A Travellerspoint blog

Snow and ice and all things nice

Heading for colder climes

Back in 1992 my interest in the Snow and Ice Carving Festival in Harbin was piqued by a visit to a lantern festival in Shanghai where I heard about the winter equivalent in North-East China, but back then trying to find information about travelling there proved a little difficult and after a very half-hearted attempt I gave up.

Since then, Harbin as a travel destination has not only moved ever upwards on my wish list, but has become almost 'mainstream', with a number of travel companies going there as part of a group tour. Looking at some of our favourite operators, I was disappointed to find that they only spend one or maximum two nights in Harbin, dividing the rest of the time between Beijing, Shanghai, Xian and Hong Kong. I wanted much more time in Harbin, from a photographer’s point of view if nothing else, and I really didn't want to spend my time and money revisiting (some for the fourth time) these other cities in China. So I set about designing my own trip, which is our preferred way of travel anyway.

Once I started looking into it, I found there was enough in the Harbin area to keep us occupied for a week or so, and with the help of a very nice young lady at China Highlights, I came up with a plan to fit in as much as I possibly could in the short space of time that we will be there.

Talking to another travel friend, Alan, a few months later about our various forthcoming trips, he too had wanted to visit the Snow and Ice Carving Festival, but he also felt discouraged about the amount of time operators such as Explore (we met Alan on an Explore trip to Bangladesh back in 2007) actually spent in Harbin. “Join us” I said. “Great” said Alan. So it came to be that the three of us will be heading to north-East China tomorrow for a week in the cold. And I mean COLD, Harbin is under the direct influence of the icy winter wind from Siberia and current temperatures are hovering around the -20 °C mark. I am packing all the thermals, fleeces, jumpers, hats, gloves, socks I have ever owned...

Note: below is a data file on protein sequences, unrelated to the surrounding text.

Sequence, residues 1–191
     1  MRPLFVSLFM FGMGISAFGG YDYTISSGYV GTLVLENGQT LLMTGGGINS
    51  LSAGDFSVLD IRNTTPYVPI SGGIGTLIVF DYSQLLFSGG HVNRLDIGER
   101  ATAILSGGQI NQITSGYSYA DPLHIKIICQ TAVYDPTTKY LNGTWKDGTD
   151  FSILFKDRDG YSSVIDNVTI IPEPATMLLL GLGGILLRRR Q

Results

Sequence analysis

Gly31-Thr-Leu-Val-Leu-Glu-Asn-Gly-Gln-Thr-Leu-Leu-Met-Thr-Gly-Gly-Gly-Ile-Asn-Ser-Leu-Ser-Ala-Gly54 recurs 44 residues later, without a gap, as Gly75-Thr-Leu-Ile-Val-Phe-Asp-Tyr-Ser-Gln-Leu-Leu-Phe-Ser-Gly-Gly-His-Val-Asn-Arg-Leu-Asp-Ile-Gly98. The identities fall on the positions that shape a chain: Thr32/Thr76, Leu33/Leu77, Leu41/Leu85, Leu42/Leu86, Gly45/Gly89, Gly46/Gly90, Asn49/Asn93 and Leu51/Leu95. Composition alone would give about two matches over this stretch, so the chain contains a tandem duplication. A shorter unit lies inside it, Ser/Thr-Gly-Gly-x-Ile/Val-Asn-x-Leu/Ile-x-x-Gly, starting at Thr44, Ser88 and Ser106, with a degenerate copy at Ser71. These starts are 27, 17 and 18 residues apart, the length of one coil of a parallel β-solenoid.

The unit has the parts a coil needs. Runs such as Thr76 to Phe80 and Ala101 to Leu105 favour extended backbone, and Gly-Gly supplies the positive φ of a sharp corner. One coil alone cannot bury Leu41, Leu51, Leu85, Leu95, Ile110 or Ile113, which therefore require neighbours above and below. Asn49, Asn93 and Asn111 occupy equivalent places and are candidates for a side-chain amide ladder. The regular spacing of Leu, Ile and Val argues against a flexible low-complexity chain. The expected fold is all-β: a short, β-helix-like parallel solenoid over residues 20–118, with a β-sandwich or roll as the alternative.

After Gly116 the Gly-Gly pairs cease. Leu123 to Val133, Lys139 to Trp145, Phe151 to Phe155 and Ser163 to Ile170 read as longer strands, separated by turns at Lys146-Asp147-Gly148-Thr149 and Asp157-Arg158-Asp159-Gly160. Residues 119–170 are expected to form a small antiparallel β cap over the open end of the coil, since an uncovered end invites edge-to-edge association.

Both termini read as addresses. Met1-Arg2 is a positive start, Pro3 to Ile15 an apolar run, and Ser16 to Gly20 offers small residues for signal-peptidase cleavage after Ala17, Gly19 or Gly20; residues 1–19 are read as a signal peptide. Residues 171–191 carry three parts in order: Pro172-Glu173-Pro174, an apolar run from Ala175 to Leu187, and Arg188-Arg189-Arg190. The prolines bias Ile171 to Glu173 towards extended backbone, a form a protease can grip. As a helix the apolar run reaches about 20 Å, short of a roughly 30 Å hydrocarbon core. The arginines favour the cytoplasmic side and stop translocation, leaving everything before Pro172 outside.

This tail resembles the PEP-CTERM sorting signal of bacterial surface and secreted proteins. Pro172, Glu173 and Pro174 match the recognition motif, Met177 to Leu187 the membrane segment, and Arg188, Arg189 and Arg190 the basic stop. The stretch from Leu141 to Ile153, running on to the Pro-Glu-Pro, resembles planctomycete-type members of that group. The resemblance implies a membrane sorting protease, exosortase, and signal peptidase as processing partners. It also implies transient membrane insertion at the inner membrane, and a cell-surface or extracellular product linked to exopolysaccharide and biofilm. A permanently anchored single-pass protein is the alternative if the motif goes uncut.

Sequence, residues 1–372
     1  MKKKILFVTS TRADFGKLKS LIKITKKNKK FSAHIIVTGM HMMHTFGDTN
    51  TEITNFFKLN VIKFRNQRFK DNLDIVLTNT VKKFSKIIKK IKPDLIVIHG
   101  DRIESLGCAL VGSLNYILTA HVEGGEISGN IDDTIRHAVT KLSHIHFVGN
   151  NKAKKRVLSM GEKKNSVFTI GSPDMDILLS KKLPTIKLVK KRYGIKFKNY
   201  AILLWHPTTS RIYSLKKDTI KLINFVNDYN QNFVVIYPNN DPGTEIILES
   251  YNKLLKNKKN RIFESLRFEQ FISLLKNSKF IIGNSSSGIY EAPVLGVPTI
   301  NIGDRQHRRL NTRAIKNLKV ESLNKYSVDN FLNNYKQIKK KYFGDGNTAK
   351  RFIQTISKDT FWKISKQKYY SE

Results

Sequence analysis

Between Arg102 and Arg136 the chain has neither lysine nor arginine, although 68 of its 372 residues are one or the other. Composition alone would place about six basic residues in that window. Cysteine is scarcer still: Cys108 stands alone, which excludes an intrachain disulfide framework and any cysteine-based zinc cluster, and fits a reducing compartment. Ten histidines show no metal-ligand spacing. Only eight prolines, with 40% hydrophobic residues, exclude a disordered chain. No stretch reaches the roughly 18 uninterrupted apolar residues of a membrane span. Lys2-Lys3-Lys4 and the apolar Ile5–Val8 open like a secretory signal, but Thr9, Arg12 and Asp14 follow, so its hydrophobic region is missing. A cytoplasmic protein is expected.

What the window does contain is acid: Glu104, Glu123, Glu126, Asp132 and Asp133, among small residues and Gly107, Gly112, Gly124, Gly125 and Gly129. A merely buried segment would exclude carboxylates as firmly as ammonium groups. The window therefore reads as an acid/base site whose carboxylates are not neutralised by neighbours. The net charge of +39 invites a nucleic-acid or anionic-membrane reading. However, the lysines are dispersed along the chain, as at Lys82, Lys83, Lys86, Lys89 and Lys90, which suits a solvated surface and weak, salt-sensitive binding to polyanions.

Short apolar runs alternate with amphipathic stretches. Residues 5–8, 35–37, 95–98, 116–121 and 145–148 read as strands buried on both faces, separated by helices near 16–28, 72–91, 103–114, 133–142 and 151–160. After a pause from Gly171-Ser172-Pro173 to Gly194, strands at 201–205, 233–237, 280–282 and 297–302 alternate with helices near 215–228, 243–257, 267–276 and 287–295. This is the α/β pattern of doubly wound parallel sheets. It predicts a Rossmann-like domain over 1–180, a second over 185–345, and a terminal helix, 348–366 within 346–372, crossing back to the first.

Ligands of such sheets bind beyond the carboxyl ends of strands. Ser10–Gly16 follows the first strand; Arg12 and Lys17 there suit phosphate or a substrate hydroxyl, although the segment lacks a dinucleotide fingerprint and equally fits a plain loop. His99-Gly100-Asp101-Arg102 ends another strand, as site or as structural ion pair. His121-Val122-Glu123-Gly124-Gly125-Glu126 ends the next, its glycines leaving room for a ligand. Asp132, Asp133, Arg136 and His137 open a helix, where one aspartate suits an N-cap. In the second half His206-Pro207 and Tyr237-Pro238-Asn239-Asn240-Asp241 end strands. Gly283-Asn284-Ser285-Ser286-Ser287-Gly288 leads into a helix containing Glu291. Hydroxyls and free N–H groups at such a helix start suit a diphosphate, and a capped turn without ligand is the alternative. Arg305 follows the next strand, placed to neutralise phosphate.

The only drawback (in addition to the cold) is that it's a long way to go for just a week, with 3 hour journey to Heathrow, 3 hour check-in time, an 11.5 hour flight to Shanghai with a 3 hour layover and a further 3 hours to reach Harbin (by the time we reach the hotel, we'll have been travelling for over 24 hours). But since when has that stopped us?


I should be able to update this blog as I go along – both hotels we are staying in have free internet access, and I don't think Travellerspoint is on the banned website list in China. Facebook, on the other hand, is a big no-no in China and access to that (as well as Youtube, Twitter and a host of others) is totally forbidden. David thinks he has managed to get around that however, by setting up a VPN (virtual private network) connection to a proxy server, tricking the Chinese authorities into thinking we have a British IP address. Whether it works or not remains to be seen....

Posted by Grete Howard 07:43 Archived in United Kingdom

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